Fact Check

McAfee Invoice Scam Email Poses as Subscription Renewal Receipt

Here's what we found in a McAfee scam email that claimed to be a "confirmation receipt" or invoice for a subscription renewal.

Published March 14, 2023

 (Surasak Suwanmake/Getty Images)
Image Via Surasak Suwanmake/Getty Images
An email message claims to be a subscription renewal receipt or invoice from McAfee, but wasn't sent by the company.

Readers should beware of clicking links in a McAfee invoice scam email that claims to be a "confirmation receipt" for the subscription renewal of the company's products. This email does not come from McAfee Corp.

Email scams that use the names of antivirus and security companies are probably as old as the internet, but this particular one for McAfee apparently tried to combine two different threats into one: malware and phishing.

We reviewed one of the McAfee invoice scam emails. The subject line read, "Confirmation Receipt ID.6030955553." The message came from an email address associated with uilsducoach.com, not the official company website mcafee.com:

Reassure your McAfee is up to date.

Check now as it may have ended.

Your subscription of McAfee for your computer may ended soon.

After the ending date has passed your computer will become susceptible to many different virus and threats.

Your PC might be unprotected, it can be exposed to viruses and other malware...

You are eligible for discount: -70%*

A scan of the links with IP Quality Score's malicious URL scanner identified the email as "hosting malware" and being a "phishing link."

The link began on an Amazon Web Services website. One of the redirects went through vestingsupper.com. Further details were not yet known at the time this story was published.

McAfee has published multiple articles before about these kinds of scams, including details on what to do if you believe you've fallen victim to them:

If you accidentally enter data in a webpage linked to a suspicious email, perform a full malware scan on your device. Once the scan is complete, backup all of your files and change your passwords. Even if you only provided a phishing scammer with the data from one account, you may have also opened the door to other personal data, so it's important to change all the passwords you use online in the wake of a suspected phishing attack.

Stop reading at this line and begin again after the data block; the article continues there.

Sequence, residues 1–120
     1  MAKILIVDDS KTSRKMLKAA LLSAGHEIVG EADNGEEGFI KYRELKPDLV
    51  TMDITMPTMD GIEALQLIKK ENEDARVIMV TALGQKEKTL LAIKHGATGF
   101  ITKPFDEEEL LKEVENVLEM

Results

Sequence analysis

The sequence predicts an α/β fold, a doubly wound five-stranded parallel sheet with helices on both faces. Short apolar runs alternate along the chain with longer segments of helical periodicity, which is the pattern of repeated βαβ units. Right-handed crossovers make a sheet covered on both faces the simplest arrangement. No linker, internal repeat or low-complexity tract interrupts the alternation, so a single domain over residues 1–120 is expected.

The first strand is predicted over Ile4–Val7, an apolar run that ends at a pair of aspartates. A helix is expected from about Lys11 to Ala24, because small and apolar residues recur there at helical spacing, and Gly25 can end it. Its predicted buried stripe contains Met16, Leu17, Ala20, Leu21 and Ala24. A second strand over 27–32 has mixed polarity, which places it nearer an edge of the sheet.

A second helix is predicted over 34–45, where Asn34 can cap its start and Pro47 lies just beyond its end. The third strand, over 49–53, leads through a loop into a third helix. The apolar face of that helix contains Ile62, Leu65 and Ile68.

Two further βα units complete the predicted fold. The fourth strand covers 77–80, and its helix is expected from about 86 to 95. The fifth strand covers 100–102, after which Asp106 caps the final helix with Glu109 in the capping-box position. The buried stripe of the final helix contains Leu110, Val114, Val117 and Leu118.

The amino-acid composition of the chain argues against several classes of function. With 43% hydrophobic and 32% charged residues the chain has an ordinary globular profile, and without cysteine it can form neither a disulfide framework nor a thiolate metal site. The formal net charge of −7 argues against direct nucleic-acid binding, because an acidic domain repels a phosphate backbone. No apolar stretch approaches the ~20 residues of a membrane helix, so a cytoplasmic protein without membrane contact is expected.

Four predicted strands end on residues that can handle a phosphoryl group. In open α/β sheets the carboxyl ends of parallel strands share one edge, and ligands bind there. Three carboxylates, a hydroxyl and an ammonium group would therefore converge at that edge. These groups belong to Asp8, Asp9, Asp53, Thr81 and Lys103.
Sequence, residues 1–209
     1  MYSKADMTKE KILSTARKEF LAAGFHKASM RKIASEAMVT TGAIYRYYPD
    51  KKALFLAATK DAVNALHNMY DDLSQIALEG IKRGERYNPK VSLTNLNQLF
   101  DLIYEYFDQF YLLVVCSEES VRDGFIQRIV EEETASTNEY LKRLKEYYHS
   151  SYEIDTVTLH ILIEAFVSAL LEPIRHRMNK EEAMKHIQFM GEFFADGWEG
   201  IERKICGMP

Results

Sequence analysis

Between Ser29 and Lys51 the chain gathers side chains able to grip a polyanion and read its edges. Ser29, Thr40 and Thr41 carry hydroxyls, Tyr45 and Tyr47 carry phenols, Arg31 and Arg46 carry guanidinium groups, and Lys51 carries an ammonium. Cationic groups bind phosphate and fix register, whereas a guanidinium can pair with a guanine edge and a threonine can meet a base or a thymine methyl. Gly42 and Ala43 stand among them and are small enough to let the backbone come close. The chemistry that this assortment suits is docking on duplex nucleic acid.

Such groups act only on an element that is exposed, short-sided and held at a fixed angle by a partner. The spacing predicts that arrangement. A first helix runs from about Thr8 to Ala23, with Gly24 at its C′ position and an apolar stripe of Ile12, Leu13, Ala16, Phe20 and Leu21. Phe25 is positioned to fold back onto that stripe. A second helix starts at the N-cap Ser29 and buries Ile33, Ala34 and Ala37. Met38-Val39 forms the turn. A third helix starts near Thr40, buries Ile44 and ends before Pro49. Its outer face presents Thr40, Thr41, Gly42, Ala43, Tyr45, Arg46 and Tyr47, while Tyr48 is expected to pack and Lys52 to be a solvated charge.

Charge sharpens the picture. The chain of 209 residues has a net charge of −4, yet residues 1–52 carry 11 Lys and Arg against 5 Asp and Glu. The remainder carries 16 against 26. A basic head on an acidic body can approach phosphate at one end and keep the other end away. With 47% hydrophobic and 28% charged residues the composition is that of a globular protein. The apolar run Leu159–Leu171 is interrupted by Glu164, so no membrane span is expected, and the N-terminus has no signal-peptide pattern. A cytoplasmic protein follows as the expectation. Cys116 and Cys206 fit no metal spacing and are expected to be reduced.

Other recommended companies for malware scans include Malwarebytes and Norton.

If readers provided any financial information to scammers, such as a credit card number, we recommend immediately contacting that financial institution to inform them of the issue. In some cases, a new credit card with a new number may need to be mailed to you to ensure scammers don't attempt to use the compromised card in the future.


"Identity Theft Protection." McAfee, https://www.mcafee.com/en-us/identity-theft/protection.html.

"Malicious URL Scanner | Scan URLs for Malware | Malware URL Checker." IP Quality Score, https://www.ipqualityscore.com/threat-feeds/malicious-url-scanner.

"Malwarebytes Cyber Security for Home & Business | Anti-Malware." Malwarebytes, https://www.malwarebytes.com/.

"McAfee KB - How to Recognize and Protect Yourself from Phishing." McAfee.com, https://www.mcafee.com/support/?locale=en-US&articleId=TS101810&page=shell&shell=article-view.

"McAfee KB - You Get Fake Emails from Scammers Posing as McAfee." McAfee.com, https://www.mcafee.com/support/?articleId=TS103285&page=shell&shell=article-view.

Norton.com. https://us.norton.com/.

"Phishing Email Examples: How to Recognize a Phishing Email." McAfee.com, 8 Dec. 2022, https://www.mcafee.com/learn/phishing-email-examples-how-to-recognize-a-phishing-email/.

Jordan Liles is a Senior Reporter who has been with Snopes since 2016.

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